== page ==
By 2050, 89% of the U.S. population will live in urban areas, making the need for accessible public transport even more of a priority.
It’s nothing new that car ownership and use continue to wreak havoc on the environment, all while causing chaos in our large cities. In fact, metropolitan areas that boast high levels of vehicular congestion show increased rates of early mortality and health problems compared to those observed in more suburban and rural areas.
(For example, heavily-congested New Delhi was the most polluted capital city in the world in 2018 and 2019. Last year, the city’s deplorable air pollution — which was primarily influenced by a mixture of car emissions and unusually hot weather — caused an estimated 54,000 premature deaths in the Indian capital.)
NY Times released maps that illustrate in stark terms what we know: the denser the neighborhood. the less the emissions per household.
To fight climate change, we need denser cities, more housing near jobs, biking, walking & transit. It's as critical as anything we can do. pic.twitter.com/emSHgwZcBd
— Matt Haney (@MattHaneySF) December 13, 2022
Today, December 13th, the New York Times released its climate map for certain metros in the country, which included an iteration for San Francisco. What is unignorably clear is that city density is directly correlated to lower greenhouse gas emissions. By proxy: Affordable city housing, walkability, and, of course, access to public transportation remain essential in mitigating the climate crisis. In relation to urban areas: Creating more walkable, busable, and train-able areas can (and will) save lives and bolster community health.
Effective, accessible, usable public transportation remains one of our steadfast ways to better our cities, shore up the planet, and protect our health. Want a hyperlocal example of this here in the Bay Area? Taking BART can cut your greenhouse gas emissions getting from point A to point B by a factor of thirty.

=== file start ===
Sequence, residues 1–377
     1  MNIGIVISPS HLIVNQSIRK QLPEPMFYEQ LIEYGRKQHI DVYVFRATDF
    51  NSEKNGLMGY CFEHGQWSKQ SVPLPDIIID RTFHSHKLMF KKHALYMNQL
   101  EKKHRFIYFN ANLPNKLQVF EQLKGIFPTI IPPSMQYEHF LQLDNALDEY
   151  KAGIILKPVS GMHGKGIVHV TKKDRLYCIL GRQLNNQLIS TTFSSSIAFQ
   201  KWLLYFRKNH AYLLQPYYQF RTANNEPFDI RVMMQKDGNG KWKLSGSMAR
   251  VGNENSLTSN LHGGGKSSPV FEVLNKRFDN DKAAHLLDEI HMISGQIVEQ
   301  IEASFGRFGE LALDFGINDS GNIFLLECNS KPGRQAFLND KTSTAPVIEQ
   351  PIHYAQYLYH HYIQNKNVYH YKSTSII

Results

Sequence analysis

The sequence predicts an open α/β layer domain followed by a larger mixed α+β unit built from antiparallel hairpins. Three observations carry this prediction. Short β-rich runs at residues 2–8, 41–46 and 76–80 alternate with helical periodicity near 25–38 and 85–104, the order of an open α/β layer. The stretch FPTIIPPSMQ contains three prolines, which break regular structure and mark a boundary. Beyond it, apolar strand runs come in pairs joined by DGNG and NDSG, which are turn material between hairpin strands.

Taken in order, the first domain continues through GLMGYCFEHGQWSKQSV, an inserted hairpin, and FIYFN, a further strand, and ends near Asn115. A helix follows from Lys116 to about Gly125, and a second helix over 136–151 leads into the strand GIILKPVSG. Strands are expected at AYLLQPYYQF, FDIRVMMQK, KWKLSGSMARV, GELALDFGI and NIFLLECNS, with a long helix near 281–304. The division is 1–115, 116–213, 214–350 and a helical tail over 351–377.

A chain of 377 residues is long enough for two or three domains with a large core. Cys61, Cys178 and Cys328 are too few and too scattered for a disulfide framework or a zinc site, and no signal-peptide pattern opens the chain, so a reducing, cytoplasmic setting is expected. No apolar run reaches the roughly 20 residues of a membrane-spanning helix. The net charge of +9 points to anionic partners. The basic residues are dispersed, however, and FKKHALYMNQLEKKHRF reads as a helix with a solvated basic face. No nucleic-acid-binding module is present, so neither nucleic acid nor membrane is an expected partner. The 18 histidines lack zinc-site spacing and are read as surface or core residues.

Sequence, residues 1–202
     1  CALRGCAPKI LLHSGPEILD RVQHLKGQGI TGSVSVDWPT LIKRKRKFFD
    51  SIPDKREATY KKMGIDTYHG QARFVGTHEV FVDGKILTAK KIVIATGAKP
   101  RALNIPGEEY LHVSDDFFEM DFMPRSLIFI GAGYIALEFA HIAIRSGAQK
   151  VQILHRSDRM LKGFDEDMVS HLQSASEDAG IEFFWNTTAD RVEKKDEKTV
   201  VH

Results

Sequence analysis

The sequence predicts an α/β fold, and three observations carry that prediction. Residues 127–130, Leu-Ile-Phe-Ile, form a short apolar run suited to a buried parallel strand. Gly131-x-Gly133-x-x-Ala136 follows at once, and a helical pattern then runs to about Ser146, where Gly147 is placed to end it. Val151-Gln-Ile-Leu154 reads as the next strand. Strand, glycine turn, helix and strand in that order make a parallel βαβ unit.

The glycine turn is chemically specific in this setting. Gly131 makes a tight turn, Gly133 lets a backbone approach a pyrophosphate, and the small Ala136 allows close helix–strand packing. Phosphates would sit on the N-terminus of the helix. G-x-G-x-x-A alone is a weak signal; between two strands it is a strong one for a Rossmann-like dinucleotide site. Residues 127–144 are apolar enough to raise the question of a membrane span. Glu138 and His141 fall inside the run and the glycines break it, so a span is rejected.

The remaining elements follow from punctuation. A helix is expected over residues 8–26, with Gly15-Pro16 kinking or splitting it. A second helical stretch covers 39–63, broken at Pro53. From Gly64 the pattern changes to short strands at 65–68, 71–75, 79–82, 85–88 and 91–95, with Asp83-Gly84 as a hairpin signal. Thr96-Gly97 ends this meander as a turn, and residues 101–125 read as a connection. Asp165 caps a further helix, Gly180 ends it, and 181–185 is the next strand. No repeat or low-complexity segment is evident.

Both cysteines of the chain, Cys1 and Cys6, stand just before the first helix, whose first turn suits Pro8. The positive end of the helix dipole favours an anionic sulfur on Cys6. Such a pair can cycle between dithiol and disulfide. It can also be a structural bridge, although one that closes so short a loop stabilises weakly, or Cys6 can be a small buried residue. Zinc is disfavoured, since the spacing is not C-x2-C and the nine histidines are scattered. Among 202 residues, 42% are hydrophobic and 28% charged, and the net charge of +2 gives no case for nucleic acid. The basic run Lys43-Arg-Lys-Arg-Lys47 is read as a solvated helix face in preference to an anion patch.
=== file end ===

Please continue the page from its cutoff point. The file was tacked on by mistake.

“Taking BART to the same place every day for one month emits less CO2 than driving the same route just once, which translates into a car’s carbon footprint being about 30 times larger compared to riding the rails, according to the agency,” reads a bit of PSA website copy from The Bay Area Link that was published earlier this year. The video goes into great detail explaining the green bonuses of taking BART over personal cars.
“BART is one of the greenest options for Bay Area residents looking to move around the region,” the blog continues. “In 2020, BART achieved a 100% greenhouse gas-free (GHG-free) power supply with a combination of hydroelectric, solar, and wind energy.”
Moreover: BART is also on track to achieve 50% to 60% renewable energy in 2022, meaning that regular commutes on the agency’s rapid transit lines will produce even fewer carbon emissions in the future.
Although gas prices are finally starting to come down, we’re high-key going to (likely) enter a global recession in early 2023. Choosing to ride public transport instead of getting behind the wheel of a car continues to make more sense by the day.
Feature image: Courtesy of BART